ABDOMEN, BOWEL, INTERNAL ORGANS
A gastroscopy often takes less than 15 minutes, although it may take longer if it's being used to treat a condition.
It's important that your stomach is empty during a gastroscopy, so the whole area can be seen clearly. You'll usually be asked not to eat anything for six to eight hours before the procedure, and to stop drinking two to three hours before the procedure. The procedure will be assisted by a nurse. You'll meet the nurse before the procedure and they'll be able to answer any questions you have and you’ll also have an opportunity to ask the endoscopist.
A local anesthetic spray will be used to numb your throat for the procedure and you'll be asked beforehand if you'd like to have a sedative injection.
The sedative will help you feel drowsy and relaxed during the procedure, but you'll need to stay for a bit longer while you recover, and you'll need someone to pick you up from the Clinica Picasso. You won’t able to drive during about 12h after the procedure.
If the gastroscopy is being used to diagnose a certain condition, air will be blown into your stomach once the endoscope is inside. This allows the endoscopist to see any unusual redness, holes, lumps, blockages or other abnormalities.
It may feel a bit uncomfortable when the air is blown into your stomach, and you may burp or feel bloated. This should start to improve once the procedure is finished.
Colonoscopy is a procedure that enables an examiner to evaluate the inside of the colon (large intestine or large bowel). The colonoscope is a four foot long, flexible tube about the thickness of a finger with a camera and a source of light at its tip. The tip of the colonoscope is inserted into the anus and then is advanced slowly, under visual control, into the rectum and through the colon usually as far as the cecum, which is the first part of the colon. A mild sedative to keep you comfortable and to help you relax during the exam. You'll need someone to pick you up from the Clinica Picasso. You won’t able to drive during about 12h after the procedure. The procedure will be assisted by a nurse. You'll meet the nurse before the procedure and they'll be able to answer any questions you have and you’ll also have an opportunity to ask the endoscopist.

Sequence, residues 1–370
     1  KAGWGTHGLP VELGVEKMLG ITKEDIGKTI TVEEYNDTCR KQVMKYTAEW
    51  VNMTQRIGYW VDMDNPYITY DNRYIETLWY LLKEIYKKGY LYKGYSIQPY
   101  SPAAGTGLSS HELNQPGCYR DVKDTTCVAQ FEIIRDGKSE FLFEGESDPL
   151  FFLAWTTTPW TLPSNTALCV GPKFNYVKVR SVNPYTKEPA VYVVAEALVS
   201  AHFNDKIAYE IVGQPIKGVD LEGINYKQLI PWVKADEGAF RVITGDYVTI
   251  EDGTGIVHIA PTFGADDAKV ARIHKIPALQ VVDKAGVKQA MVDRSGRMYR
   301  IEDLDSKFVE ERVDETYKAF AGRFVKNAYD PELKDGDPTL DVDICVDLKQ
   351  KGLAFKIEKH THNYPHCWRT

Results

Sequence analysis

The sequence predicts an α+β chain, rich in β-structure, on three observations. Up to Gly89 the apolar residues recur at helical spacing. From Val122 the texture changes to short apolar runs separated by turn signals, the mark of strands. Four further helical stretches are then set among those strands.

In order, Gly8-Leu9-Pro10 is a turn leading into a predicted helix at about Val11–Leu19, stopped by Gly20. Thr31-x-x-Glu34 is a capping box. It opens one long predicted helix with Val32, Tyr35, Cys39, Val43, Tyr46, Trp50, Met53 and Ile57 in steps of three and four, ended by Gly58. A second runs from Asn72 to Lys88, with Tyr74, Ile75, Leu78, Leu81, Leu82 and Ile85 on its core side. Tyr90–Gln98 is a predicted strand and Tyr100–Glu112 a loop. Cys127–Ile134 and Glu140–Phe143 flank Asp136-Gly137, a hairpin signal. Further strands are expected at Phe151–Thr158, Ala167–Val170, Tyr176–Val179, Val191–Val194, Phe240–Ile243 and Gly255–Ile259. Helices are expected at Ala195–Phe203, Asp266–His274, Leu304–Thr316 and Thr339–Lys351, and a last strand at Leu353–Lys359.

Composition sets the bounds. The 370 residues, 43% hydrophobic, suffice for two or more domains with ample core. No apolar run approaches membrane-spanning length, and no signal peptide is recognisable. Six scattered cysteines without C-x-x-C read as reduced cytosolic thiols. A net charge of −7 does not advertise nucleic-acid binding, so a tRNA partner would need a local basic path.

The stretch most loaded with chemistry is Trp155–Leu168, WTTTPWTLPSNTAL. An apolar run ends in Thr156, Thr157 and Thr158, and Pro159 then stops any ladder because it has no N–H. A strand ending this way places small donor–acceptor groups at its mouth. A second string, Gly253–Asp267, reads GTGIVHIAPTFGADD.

If the procedure is to be complete and accurate, the colon must be completely cleaned, and there are several colonoscopy preparations. We will give you detailed instructions about the cleansing preparation.
Colonoscopy may be done for a variety of reasons. One widely accepted recommendation has been that even healthy people at normal risk for colon cancer should undergo colonoscopy at age 50 and every 7-10 years thereafter, for the purpose of removing colonic polyps before they become cancerous. Very often it is done to investigate the cause of blood in the stool, abdominal pain, diarrhea, a change in bowel habit. How often should one undergo colonoscopy depends on the degree of the risk and the abnormalities found at previous colonoscopies.
Individuals with a previous history of polyps or colon cancer and certain individuals with a family history of some types of non-colonic cancers or colonic problems that may be associated with colon cancer (such as ulcerative colitis and colonic polyps) may be advised to have periodic colonoscopies because their risks are greater for polyps or colon cancer.